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AltaGas updates city council on REEF project during March 25 meeting

Firefighting and health care strains main worries for Prince Rupert city councillors
AltaGas construction manager Shawn Campbell (right) and senior director of external affairs and Indigenous relations Jennifer Osmar provide an update on the Ridley Island Energy Export Facility (REEF) project to city council during its committee of the whole meeting March 25. (Screenshot)

AltaGas representatives were quizzed over the potential impacts of the Ridley Island Energy Export Facility (REEF) project during a Prince Rupert committee of the whole meeting on March 25.

REEF’s construction manager Shawn Campbell and senior director of external affairs and Indigenous relations Jennifer Osmar updated council on the major Ridley Island project while also detailing what the project could be like for the community.

The liquid petroleum gas (LPG) project is being undertaken by the Calgary-based AltaGas and Dutch energy company Royal Vopak, with site clearing for the project nearly complete. A positive final investment decision is expected from AltaGas and Royal Vopak in the coming months.

Campbell assured council the project did have a nurse practitioner for the project’s construction phase amid continued concern surrounding the closures of the emergency room at the Prince Rupert Regional Hospital.

The potential dangers associated with such a high industry presence in the area and the strain an accident could have on an already-strained healthcare system was a concern for Coun. Barry Cunningham.

Campbell said the long-term health and safety plan for the LPG project is still being sorted out with Northern Health.

Coun. Teri Forster asked about potential concerns over the city’s firefighting resources being overwhelmed by the major project, and asked for clarity over the project’s reliance on the city’s firefighters.

Osmar pointed to AltaGas’s fire training investments in the presentation, which included support for a new Port Edward fire truck and training in multiple Northwest communities. She said there is also a “site-specific” emergency plan for the project.

Cunningham worried that the nature of the project — which he deemed a “borderline refinery” — would mean firefighters would need extra training paid for by taxpayers.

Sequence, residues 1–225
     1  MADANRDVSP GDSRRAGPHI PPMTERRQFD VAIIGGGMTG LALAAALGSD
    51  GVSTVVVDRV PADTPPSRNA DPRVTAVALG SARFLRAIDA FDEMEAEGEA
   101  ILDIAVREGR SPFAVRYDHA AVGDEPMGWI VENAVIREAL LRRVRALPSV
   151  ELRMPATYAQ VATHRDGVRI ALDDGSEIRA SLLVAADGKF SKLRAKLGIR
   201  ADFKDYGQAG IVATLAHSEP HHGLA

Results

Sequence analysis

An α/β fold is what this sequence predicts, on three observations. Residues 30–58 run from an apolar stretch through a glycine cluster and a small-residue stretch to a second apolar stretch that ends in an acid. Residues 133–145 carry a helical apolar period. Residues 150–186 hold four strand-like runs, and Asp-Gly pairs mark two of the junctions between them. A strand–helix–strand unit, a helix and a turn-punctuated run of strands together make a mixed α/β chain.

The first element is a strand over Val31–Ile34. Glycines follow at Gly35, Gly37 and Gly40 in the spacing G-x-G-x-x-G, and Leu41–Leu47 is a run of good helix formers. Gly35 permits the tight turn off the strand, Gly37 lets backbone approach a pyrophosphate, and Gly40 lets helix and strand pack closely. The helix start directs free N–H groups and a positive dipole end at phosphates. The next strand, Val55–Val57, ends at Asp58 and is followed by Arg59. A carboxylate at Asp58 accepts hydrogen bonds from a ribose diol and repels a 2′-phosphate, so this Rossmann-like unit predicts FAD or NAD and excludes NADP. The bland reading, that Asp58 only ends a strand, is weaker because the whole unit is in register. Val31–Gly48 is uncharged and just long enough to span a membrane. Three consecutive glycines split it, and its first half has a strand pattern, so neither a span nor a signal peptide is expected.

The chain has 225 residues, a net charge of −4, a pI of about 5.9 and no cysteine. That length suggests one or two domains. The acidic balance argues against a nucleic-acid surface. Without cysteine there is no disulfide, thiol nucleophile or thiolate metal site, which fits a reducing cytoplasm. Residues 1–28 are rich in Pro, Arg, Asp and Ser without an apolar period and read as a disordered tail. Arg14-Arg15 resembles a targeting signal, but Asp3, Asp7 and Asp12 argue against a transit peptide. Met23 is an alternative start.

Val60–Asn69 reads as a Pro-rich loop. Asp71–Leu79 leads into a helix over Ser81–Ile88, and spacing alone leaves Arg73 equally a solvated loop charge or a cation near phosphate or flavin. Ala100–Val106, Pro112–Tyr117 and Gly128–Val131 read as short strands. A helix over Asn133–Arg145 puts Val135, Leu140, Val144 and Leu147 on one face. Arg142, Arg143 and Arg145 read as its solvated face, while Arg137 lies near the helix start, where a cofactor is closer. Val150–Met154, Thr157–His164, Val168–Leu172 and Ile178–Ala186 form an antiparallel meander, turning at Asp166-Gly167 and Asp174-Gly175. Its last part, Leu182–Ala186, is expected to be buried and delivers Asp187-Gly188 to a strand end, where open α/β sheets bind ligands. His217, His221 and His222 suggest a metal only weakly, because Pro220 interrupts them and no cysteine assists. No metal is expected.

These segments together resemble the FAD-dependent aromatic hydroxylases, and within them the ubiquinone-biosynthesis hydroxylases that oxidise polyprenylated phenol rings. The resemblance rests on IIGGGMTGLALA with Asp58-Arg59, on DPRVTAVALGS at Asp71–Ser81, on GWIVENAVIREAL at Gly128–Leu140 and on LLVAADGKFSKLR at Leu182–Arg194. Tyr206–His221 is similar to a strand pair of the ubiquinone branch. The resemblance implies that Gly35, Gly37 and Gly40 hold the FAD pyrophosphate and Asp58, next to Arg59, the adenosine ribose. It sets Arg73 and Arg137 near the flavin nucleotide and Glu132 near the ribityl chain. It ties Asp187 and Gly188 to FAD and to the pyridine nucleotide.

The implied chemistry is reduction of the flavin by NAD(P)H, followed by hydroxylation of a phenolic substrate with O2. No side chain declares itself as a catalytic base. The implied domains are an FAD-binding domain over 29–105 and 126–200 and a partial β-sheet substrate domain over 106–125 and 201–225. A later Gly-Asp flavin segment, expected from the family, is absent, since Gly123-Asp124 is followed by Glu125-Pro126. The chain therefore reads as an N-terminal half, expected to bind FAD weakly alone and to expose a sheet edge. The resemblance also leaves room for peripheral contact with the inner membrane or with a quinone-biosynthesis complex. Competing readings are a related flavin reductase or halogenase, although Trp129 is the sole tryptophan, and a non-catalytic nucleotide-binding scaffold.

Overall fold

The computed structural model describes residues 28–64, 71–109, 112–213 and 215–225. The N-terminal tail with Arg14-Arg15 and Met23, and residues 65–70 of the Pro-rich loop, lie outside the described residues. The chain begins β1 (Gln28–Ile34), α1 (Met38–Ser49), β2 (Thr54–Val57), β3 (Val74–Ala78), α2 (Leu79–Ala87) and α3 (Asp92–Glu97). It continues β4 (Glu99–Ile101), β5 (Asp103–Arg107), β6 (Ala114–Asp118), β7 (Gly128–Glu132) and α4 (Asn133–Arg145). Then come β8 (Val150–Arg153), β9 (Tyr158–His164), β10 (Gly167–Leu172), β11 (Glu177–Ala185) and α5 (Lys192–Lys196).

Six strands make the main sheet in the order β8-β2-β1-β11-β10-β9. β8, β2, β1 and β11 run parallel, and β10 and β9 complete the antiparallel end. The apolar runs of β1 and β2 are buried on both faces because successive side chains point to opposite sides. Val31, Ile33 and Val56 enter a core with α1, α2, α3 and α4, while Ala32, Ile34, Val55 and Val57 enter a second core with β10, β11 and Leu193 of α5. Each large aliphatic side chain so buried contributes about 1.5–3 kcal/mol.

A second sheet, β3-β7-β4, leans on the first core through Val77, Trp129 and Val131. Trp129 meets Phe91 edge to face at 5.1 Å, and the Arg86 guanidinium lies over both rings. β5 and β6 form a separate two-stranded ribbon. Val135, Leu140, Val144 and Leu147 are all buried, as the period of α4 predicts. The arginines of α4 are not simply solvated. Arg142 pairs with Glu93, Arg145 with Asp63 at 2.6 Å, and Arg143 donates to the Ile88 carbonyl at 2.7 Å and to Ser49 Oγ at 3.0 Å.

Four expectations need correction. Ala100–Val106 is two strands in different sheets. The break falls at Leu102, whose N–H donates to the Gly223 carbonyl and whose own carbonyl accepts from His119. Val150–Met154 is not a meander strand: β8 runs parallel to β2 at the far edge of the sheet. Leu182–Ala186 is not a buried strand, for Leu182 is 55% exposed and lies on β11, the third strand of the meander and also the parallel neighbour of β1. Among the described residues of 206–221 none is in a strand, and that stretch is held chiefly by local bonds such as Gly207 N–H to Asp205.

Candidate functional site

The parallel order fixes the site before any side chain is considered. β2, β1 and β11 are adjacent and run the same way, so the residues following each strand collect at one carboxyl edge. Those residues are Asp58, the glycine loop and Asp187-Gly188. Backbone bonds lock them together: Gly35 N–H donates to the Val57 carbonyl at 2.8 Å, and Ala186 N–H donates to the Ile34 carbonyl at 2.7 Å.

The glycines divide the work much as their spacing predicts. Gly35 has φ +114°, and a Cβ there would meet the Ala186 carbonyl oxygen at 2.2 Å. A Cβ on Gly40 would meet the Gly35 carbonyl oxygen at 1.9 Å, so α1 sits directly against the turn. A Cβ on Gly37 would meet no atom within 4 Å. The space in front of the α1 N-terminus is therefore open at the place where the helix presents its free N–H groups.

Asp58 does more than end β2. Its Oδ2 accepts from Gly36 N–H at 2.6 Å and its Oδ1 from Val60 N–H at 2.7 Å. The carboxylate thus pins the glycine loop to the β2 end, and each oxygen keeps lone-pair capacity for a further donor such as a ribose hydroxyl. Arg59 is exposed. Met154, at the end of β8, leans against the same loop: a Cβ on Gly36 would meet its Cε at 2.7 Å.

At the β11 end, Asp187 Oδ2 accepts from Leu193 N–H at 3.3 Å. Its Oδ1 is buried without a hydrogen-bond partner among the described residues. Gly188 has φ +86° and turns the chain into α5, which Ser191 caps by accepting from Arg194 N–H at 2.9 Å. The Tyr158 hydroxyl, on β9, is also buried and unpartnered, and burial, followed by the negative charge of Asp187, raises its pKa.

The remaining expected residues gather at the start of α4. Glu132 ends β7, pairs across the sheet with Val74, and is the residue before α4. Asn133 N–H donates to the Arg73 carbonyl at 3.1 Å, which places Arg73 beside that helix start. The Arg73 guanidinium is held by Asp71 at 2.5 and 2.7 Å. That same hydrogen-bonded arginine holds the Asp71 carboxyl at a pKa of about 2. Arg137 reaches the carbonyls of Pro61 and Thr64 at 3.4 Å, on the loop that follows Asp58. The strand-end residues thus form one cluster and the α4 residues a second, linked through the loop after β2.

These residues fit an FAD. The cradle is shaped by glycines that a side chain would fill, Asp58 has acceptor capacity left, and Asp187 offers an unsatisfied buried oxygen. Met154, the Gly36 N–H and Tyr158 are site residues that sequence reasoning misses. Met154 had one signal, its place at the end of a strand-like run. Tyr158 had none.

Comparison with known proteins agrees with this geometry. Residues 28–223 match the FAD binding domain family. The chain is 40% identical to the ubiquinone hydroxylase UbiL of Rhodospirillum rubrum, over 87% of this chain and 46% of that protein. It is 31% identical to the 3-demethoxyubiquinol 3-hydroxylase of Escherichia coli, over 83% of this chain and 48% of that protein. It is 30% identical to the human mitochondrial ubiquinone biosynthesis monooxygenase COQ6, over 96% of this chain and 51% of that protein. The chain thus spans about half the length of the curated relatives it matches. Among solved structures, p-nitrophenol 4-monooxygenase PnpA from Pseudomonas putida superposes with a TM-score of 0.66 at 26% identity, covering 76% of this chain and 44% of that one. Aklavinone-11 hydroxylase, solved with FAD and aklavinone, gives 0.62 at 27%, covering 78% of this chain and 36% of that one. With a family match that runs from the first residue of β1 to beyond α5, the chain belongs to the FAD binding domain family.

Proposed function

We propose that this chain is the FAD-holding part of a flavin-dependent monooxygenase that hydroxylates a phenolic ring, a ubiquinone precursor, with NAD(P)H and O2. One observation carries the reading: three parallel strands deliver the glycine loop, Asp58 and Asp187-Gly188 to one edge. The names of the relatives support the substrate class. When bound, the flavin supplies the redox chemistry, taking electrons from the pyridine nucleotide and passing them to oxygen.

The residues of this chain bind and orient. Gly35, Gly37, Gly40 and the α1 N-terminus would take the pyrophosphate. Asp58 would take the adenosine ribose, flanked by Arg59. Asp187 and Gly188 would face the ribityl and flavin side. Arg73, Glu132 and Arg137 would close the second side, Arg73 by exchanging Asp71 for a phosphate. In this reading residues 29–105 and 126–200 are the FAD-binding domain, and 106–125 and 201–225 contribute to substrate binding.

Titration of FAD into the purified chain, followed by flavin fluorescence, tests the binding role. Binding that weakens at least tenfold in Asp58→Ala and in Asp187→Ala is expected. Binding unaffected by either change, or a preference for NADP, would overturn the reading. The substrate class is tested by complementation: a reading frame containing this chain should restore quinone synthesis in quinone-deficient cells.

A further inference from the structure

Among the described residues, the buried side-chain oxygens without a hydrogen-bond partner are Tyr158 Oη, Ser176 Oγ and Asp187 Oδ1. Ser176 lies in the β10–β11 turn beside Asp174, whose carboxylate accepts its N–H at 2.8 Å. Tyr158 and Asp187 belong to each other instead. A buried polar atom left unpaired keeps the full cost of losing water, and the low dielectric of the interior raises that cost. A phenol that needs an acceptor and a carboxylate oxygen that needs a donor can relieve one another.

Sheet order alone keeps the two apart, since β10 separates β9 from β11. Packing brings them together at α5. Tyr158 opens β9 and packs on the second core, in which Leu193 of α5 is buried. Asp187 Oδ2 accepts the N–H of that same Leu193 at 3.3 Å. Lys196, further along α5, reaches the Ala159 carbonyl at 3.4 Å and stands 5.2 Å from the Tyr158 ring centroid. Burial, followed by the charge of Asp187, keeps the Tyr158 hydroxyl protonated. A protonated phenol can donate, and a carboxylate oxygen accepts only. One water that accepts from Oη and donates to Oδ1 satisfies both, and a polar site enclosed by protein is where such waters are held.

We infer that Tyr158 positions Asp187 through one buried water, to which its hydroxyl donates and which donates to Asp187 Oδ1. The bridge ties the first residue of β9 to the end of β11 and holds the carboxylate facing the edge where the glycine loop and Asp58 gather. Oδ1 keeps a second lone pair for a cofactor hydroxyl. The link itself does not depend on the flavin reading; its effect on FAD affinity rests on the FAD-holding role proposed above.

“That type of training and extra personnel is going to put a bit of a burden on our taxpayers to top up the quality and level of our firefighting department, which is already stretched because of the industrialization around here,” he said.

“Are you in any way going to be upping the ante as far as contributing to our fire department?” Cunningham asked.

Osmar said the company will meet quarterly with local communities to figure out issues and “find ways that we can make a difference and contribute where we can.”

She also commended Cunningham for his pressing queries.

“I’m just grateful that you’re asking us the hard questions — because you should be,” she said.

“We as industry recognize that it’s our responsibility to recognize what the pressure points are.”

Campbell confirmed there is a 150-person onsite work camp on Watson Island that is currently in operation and will continue into operation of the site.

Coun. Wade Niesh, standing in as chair in Mayor Herb Pond’s absence, lauded AltaGas — which does not benefit from the controversial provincial port tax cap — and their tax contributions.

“Thank you for your contribution to the taxes,” Niesh said, bringing some laughs to the meeting.

AltaGas said they have received letters of support from Mayor Herb Pond and Knut Bjorndal, mayor of Port Edward, where the company also gave an update to the community on March 13.

About the Author: Seth Forward, Local Journalism Initiative

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